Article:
In recent years countries of Europe have taken a different stance: the UK has a clear policy that any discrimination, quotas, or favouritism is illegal. Sweden passed a law in 2012 that says that all students must face the same requirements for entry. 5 This draws us back to the view of Popper and Magee.

A more equitable society would doubtless benefit everyone. However, in implementing affirmative action was it the hope or intention that the minority candidates would emerge to become ambassadors for their ethnic body.

An alternative view would be that they take the money and run. Will they remain in the

Need we say more?

Need we say more?

neighbourhood – unlikely? If successful are they more likely to move to a nice suburb and join the country club – likely, if they have a wad of dollars. A further alternative view is that Hopwood being female and from a modest background would also understand the concept of barriers and may have become a better, stronger advocate of human rights than her minority counterparts.

Perhaps, all along, the plan was to build a middle class of the minority population and thereby secure the future of the system. A new Praetorian Guard? The World Values Survey study by Ronald Inglehart, suggests that the middle class and working class tend to drift apart on most issues. 6

The drift between the classes is no doubt due in part to income differentials, the gap is growing wider and this gets reflected in the social and educational environment. Which basically means that the poor get crapped on from on high. As a society we are pulling apart and as we do so tension grows. Not just between the rich and poor but also in ethnic terms, it’s the old survival syndrome.

When positing the idea that America could become a color-free country Chomsky sadly admits, “I don’t think it’s going to happen”. (p122) The question is why not? There is no political will to rock the boat of the capitalist system. Politicians may do a lot of tinkering but never advocate a serious shift away from the super rich. Politicians are dominated by the theory of the market but perhaps Ha-Joon Chang can open up a new avenue for exploration:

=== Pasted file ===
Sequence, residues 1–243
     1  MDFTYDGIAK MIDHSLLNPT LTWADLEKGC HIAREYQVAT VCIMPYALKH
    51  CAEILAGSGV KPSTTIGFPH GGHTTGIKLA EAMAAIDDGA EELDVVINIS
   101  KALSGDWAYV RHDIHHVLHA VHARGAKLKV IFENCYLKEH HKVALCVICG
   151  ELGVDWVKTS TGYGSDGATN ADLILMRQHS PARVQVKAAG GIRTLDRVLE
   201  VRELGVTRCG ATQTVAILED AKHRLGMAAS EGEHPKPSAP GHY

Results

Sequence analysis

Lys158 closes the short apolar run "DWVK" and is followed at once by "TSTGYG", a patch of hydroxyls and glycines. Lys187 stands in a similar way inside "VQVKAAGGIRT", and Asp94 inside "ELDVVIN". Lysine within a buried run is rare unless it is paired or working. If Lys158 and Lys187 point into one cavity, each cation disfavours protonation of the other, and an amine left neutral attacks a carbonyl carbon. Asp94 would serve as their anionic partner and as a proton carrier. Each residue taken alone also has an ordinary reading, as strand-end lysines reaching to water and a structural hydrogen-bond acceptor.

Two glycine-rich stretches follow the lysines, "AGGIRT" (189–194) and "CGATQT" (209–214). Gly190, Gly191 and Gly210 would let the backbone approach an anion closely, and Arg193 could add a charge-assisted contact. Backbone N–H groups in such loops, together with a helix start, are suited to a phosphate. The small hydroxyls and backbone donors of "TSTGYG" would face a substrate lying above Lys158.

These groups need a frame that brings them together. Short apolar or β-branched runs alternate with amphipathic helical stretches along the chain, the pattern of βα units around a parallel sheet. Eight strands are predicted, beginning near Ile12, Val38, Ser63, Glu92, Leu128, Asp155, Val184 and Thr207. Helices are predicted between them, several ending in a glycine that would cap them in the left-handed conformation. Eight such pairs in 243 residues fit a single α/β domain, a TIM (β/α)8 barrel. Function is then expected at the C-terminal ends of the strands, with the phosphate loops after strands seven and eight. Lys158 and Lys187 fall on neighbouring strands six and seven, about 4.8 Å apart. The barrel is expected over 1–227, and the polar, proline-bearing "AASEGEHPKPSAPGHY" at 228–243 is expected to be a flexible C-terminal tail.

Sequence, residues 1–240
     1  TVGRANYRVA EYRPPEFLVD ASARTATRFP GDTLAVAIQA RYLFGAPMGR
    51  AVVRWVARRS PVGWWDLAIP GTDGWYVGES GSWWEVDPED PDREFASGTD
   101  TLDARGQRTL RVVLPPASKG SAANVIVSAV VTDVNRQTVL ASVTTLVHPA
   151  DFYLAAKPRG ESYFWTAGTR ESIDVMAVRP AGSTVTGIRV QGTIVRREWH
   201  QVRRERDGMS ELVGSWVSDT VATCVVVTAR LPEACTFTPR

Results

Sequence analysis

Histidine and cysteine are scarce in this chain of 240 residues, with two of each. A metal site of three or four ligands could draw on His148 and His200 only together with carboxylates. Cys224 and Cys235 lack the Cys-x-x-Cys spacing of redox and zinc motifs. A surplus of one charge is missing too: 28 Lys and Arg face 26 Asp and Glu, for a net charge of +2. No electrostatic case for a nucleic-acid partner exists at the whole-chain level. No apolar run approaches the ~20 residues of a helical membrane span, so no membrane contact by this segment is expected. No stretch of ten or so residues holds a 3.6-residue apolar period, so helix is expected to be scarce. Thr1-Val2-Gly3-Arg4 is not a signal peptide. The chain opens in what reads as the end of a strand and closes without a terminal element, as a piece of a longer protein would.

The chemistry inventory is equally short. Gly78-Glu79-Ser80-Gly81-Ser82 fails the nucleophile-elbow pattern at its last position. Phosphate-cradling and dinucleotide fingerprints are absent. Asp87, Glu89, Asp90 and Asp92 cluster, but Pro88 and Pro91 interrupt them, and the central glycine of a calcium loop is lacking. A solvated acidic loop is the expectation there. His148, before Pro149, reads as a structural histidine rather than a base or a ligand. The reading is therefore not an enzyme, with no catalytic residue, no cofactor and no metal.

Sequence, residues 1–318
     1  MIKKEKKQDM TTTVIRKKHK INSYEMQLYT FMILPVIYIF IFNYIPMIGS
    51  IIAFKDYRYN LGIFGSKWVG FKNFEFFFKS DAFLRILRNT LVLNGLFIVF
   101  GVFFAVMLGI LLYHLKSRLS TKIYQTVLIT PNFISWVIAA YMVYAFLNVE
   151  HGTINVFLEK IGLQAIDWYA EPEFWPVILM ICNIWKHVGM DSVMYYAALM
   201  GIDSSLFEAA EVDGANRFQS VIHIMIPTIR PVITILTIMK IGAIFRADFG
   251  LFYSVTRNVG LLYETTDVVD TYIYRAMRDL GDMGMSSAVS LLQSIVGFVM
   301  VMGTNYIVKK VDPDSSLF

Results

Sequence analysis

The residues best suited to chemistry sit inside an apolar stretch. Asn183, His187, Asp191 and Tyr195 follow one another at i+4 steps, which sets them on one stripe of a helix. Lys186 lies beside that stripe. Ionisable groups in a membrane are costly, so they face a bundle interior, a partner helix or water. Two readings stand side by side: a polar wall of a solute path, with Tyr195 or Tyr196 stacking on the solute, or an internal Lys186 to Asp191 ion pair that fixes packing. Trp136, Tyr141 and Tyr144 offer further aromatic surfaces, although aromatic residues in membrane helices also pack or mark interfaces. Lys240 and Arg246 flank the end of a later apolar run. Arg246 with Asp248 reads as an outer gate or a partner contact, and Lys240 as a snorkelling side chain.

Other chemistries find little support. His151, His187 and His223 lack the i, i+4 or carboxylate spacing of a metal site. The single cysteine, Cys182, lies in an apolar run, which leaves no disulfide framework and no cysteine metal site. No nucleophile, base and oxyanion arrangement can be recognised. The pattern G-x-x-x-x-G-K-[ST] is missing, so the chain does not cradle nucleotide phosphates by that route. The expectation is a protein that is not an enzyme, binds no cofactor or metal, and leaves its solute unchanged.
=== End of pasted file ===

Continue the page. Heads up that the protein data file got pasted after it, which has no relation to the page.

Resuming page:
“The economy is much bigger than the market. We will not be able to build a good economy – or a good society – unless we look at the vast expanse beyond the market” 7

We don’t need the overthrow of the system just a better use of the available resources. Joseph Stiglitz highlights one glaring example of where progress can be made when writing about university entrance “Only around 9% come from the bottom half of the population, while 74% come from the top quarter”. 8 Francis Fukuyama also suggests that education is a key to the future. (p451)

Many writers point to the uncertainty that grows with the gap in inequality. In the long-term democracy may be in danger. Thus making politicians more accountable and responsive to the electorate is crucial for the health of a nation.

The new media, the net and social media can play a significant role in opening a discussion with ordinary Joe. A blog that addresses serious issues in a language that all can access may promote greater participation. This would be enhanced by powerful names being associated with the writing. It may generate an army of opposition but then you know it’s working.

Common good thinkers must come from behind their intellectual retreat and reach out to the citizenry. Otherwise they might wither behind their curtain with their frustration, pipe and slippers.

Do some good join Robin Hood!

  1. Popper Bryan Magee (p103) + (107)
  2. How the World Works (p212) + (122)
  3. Justice What’s the Right Thing to Do? Michael J. Sandel (p167) + (p171)
  4. www.ncsl.org/research/
  5. www.en.m.wikipedia.org
  6. Political Order and Political Decay Francis Fukuyama (p 441) + (451)
  7. Economics: The User’s Guide Ha-Joon Chang (p456)
  8. The Price of Inequality Joseph E. Stiglitz (p24)
  9. www.upoak.com

 

Taming the Beast (5)

Democracy in Peril!